What Happens in Foreclosure & Bankruptcy?
When you’re having financial problems, it is likely that all of your household bills are affected, including your mortgage payments. While shelter is a basic survival requirement, you may have prioritized immediate needs like food, etc., and neglected your mortgage payments. When you fall behind on mortgage payments, your home may be foreclosed on, and suddenly, the possibility of losing your home looms large. There are ways to save your home. In this post, we’ll explore the interplay between foreclosure and bankruptcy.
Timing is crucial
Under federal law, your mortgage lender cannot officially begin foreclosure proceedings until you have missed four months of mortgage payments. Within that time period, you can take the initiative by filing for bankruptcy before any foreclosure begins. If you have received notice of your lender’s intent to begin foreclosure, you can still forestall it by filing your bankruptcy petition. Even after the foreclosure has begun, filing bankruptcy will interrupt it.
Whenever you file bankruptcy, all collection efforts of all types are automatically halted. That means that even if foreclosure proceedings have been initiated, they must be paused. This gives you valuable time to develop a strategy that may save your home. The experienced attorneys at Burr Law can negotiate on your behalf and work with your specific circumstances to preserve your most valuable assets, including your home.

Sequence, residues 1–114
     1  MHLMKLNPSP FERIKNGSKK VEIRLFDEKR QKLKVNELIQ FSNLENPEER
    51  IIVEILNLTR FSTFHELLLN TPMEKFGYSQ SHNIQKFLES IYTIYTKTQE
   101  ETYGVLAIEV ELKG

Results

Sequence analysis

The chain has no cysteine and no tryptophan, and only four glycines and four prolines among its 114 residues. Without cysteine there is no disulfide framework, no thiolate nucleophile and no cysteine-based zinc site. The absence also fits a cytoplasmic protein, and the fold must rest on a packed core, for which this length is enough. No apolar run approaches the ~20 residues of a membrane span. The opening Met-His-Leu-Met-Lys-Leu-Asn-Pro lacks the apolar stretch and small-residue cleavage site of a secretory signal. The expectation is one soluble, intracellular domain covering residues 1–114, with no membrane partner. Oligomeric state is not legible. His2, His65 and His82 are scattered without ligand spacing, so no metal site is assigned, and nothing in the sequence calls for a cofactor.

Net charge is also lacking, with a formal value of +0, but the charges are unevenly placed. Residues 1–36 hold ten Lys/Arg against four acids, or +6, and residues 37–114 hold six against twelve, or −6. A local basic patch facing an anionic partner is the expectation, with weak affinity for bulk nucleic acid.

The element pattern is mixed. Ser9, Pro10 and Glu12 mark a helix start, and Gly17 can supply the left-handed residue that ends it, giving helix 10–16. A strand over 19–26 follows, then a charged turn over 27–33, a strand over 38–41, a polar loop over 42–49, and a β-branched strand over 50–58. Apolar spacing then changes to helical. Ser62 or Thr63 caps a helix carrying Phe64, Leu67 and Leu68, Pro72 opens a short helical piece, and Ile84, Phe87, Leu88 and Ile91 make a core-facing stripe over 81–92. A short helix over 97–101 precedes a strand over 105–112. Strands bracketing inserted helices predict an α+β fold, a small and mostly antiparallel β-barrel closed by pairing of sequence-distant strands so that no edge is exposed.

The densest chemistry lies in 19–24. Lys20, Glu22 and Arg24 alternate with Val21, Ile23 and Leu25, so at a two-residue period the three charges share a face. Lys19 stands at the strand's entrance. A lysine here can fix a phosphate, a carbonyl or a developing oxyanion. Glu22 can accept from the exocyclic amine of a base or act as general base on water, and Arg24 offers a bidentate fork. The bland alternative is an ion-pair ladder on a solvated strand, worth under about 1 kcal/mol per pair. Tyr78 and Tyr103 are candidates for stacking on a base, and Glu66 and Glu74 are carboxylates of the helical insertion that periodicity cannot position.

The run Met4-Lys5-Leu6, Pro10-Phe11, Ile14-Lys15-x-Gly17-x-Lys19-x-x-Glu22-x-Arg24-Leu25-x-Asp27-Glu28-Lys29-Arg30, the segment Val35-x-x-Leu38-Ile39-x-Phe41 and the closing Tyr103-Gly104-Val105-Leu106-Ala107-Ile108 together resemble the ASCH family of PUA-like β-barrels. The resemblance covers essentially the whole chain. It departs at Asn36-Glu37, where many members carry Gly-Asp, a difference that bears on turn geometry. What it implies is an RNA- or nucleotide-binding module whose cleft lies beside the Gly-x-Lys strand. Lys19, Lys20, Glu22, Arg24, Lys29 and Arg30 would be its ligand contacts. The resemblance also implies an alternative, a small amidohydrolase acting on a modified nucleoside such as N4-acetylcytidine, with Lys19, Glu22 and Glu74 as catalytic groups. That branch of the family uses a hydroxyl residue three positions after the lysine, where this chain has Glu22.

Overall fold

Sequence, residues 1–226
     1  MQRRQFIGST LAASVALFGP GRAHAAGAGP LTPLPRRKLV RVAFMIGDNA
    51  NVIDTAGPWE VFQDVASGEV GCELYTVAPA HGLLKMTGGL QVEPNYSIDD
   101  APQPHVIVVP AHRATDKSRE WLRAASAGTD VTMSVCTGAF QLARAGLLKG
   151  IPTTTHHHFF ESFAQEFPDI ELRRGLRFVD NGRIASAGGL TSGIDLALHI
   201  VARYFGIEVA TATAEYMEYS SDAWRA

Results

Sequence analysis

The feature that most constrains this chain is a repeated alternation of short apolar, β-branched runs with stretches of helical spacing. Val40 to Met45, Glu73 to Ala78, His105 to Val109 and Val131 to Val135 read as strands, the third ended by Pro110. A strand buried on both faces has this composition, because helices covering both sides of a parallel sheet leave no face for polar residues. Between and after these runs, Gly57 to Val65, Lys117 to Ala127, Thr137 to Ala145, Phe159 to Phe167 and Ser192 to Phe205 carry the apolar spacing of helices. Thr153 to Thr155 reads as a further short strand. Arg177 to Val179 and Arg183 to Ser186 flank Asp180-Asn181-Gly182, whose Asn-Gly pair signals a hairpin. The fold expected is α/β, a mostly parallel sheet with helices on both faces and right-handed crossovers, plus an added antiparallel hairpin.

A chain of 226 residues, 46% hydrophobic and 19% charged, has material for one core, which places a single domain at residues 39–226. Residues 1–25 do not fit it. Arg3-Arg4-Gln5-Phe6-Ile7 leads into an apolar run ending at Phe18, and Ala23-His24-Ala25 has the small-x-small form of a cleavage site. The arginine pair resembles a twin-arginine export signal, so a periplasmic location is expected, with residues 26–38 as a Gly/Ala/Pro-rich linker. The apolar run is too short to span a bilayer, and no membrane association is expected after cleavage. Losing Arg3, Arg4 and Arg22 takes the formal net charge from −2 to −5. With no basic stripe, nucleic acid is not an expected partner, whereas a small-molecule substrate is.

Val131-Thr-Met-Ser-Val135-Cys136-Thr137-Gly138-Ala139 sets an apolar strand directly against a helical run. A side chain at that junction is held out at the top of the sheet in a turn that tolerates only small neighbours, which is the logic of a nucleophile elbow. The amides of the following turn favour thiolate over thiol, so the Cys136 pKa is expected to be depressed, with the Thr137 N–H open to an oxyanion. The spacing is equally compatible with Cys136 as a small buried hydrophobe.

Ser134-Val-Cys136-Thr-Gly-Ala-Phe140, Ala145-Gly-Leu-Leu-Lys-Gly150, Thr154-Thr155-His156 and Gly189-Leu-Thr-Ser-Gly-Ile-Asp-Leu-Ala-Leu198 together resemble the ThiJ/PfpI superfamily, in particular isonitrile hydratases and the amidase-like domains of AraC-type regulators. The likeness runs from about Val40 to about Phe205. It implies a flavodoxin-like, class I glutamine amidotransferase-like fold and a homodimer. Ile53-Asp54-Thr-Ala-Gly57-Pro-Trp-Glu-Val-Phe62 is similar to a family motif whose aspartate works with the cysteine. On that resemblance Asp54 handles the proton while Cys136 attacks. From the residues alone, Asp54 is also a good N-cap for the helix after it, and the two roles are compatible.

Chapter 13 Bankruptcy
In Chapter 13 bankruptcy, you devise a repayment plan that will clear your secured debts over a three to five year period. This plan will include your past-due mortgage payments, and your continuing mortgage payments. Because your attorneys work with you to create the plan, it ought to be one that you can achieve. Again, the experts at Burr Law can work with your particular circumstances to help you make a realistic plan. As long as you make all of the required payments for the length of the repayment plan, you will avoid foreclosure and be able to stay in your home.
Importantly, if you have a second or third mortgage on your home, Chapter 13 bankruptcy may well serve to eliminate those debts. Typically, Chapter 13 entitles bankruptcy courts to recategorize second and third mortgages as unsecured debt. Unsecured debt receives the lowest priority in Chapter 13 bankruptcy, and usually does not have to be repaid at all.
Chapter 7 Bankruptcy
Chapter 7 bankruptcy is also known as liquidation bankruptcy. It eliminates debt completely by selling your assets. So it sounds as though it would mean that you would lose your home. However, that is not usually the case, especially if your home is your only or primary residence. There are exemptions in Chapter 7 bankruptcy, and one of the most important is your home, known as your homestead. The law in Wisconsin allows an individual filer an exemption of up to $75,000 in value in a homestead, and a couple filing together would have an exemption of $150,000. Other exemptions can also be applied to your home. The experts at Burr Law can make sure that you receive all exemptions possible.
Chapter 7 bankruptcy also forgives the homeowner for tax liability for losses the mortgage or home-improvement lender incurs as a result of the homeowner’s default. This may be debt that you have not even considered, but is important in determining which bankruptcy type to pursue. This law initially applied to the years 2007-2010, but has been extended five times and now applies to debts forgiven in the years between 2007 to 2020. Again, this is an aspect of bankruptcy that your attorneys can advise you about.
If you are concerned that your property may be foreclosed upon, or if foreclosure proceedings have already been initiated against you, contact the professionals at Burr Law. We can guide you to the best solution so you and your family can stay in your home.